Asset purchases and credit easing coupled with cuts in interest rates are the current instruments of choice for central banks. In August 2016, the Bank of England (BoE) demonstrated this when it launched an aggressive package of monetary measures to counter the potential economic impact of the UK’s June decision to leave the European Union including; a cut in interest rates, asset purchase programmes in government and corporate bond markets and credit easing through the Term Funding Scheme.
Time will tell what impact the measures taken by the BoE will have. However, some have begun to question the effectiveness of monetary policy given that growth in major economies remains lacklustre at a time when interest rates and bond yields are low (the so-called Keynesian liquidity trap), leading to calls for an entirely new policy framework to be explored.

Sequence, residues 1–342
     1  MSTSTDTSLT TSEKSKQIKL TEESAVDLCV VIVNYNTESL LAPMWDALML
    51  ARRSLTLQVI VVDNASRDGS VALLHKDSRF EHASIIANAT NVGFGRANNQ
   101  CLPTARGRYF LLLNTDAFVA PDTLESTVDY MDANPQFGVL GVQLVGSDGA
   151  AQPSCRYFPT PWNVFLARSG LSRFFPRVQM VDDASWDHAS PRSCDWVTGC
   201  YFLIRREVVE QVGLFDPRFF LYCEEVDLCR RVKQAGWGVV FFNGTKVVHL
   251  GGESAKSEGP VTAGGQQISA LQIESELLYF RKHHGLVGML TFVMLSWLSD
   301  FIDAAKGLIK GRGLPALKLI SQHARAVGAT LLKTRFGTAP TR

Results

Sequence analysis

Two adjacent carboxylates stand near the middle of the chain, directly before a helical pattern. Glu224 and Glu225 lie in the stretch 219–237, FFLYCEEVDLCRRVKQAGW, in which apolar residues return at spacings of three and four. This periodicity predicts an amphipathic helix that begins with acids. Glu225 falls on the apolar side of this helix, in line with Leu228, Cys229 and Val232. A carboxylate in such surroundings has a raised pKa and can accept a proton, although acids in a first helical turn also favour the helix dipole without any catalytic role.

Even as the BoE was introducing its package of measures, other monetary authorities had begun to question the effectiveness of the current monetary policy regime. The US Federal Reserve noted that both monetary and fiscal policy appeared better positioned to offset large positive shocks than adverse ones. The Bank of Japan (BoJ) carried out a comprehensive review of its current policy measures as it attempted to demonstrate its commitment to end deflation. Following its review, the BoJ shifted the focus of its monetary stimulus in September from expanding the money supply to controlling interest rates, a move deemed by some economists as further evidence that BoJ policy had reached the limits of its effectiveness.